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You name the shelf, we’ve seen it: built-ins, honeycombs, floating planks, industrial racks—the list goes on. The latest adaptation, though, is nothing like any of these options. The storage solution in question: recessed wall niches. 

“The inspiration comes from typical Mediterranean architecture,” says Kim Haddou, who, alongside her design partner, Florent Dufourcq, created one of these nook-like displays for the 2018 Design Parade in Toulon, France. Since then, we’ve been seeing these nooks everywhere, from Simon Porte Jacquemus’s Oursin restaurant in Paris to the newly opened Sonia Boyajian jewelry store in Los Angeles, designed by Studio Shamshiri. 

Filled with vases, books, or candle tapers, each crevice becomes a stand-alone vignette. The catch: “You can’t create these niches in just any type of wall,” says Haddou. Here are four things to know before you try your hand at one of these cubbyholes:  

Double the Depth

While Haddou admits it’s “probably possible” to do this with a solid poured concrete or brick surface, a deep wall made out of a lighter cement mixture is best (it will be easier to carve into). If you’re dealing with a structural barrier, Dorothée Meilichzon, the designer behind Menorca Experimental (a hotel that features a sleek arrangement of narrow inset shelves), suggests doubling the depth of the existing facade. “If it isn’t supporting anything, you can carve the shapes directly into it,” she says. If you do go with a faux surface, once it is built out and ready for carving, draw the shapes for the alcoves using chalk.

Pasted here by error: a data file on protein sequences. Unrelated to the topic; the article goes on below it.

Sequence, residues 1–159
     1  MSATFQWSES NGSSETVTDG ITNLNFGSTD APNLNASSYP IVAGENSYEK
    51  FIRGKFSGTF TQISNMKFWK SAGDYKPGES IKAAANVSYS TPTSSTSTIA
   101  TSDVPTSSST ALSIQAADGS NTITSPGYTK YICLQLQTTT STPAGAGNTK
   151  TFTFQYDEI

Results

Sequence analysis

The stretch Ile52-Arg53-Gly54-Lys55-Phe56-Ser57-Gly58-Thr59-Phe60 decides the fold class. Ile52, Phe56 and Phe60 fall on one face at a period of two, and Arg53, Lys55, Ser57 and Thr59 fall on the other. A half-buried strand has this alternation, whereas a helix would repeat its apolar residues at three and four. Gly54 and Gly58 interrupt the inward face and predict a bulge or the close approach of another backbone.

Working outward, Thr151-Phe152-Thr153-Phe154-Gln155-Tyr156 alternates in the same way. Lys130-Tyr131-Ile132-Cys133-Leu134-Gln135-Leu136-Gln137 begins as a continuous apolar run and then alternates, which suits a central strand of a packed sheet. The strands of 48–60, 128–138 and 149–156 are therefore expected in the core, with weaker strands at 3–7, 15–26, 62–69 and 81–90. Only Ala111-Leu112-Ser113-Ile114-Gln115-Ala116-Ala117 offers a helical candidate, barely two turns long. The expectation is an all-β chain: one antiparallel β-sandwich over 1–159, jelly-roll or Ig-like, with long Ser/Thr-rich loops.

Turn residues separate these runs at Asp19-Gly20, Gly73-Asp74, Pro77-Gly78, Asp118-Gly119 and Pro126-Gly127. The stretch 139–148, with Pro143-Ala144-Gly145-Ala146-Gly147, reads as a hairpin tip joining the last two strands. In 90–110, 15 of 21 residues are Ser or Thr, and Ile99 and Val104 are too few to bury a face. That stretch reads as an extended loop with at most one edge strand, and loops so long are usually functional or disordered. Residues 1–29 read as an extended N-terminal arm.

But Don’t Go Too Far Back

Haddou and Dufourcq used a pneumatic drill to “dig” out the niches in their space. “It’s not too difficult if you’re an athletic person, but it takes a while,” says Haddou. The good news is you don’t have to go that far back. If the niches are too deep (more than 10 inches), the alcoves will be very dark. “It should feel fresh and sunny—like summertime in Greece,” she adds. 

Add Texture

For that rough-hewn, grotto-inspired feeling, use a roller to go over the surface with a textured plaster paint. Haddou and Dufourcq used a French mixture called crepi, but there are similar masonry coatings sold in the U.S. that will do the trick. If you want something smoother that only looks textural, Meilichzon suggests a coat of limewash paint. 

Fill It With Treasures

If you’re a type A planner and already know which items you want to put on the shelves before you even pick up a drill, cut the recesses according to their shape and size. Generally speaking, Haddou says these kinds of nooks are great for showing off pottery, vintage vases, and busts. Another unique approach: Stick with one type of object. Allied Maker’s New York showroom makes a case for filling these holes solely with sculptural light fixtures. Books are just the beginning. 

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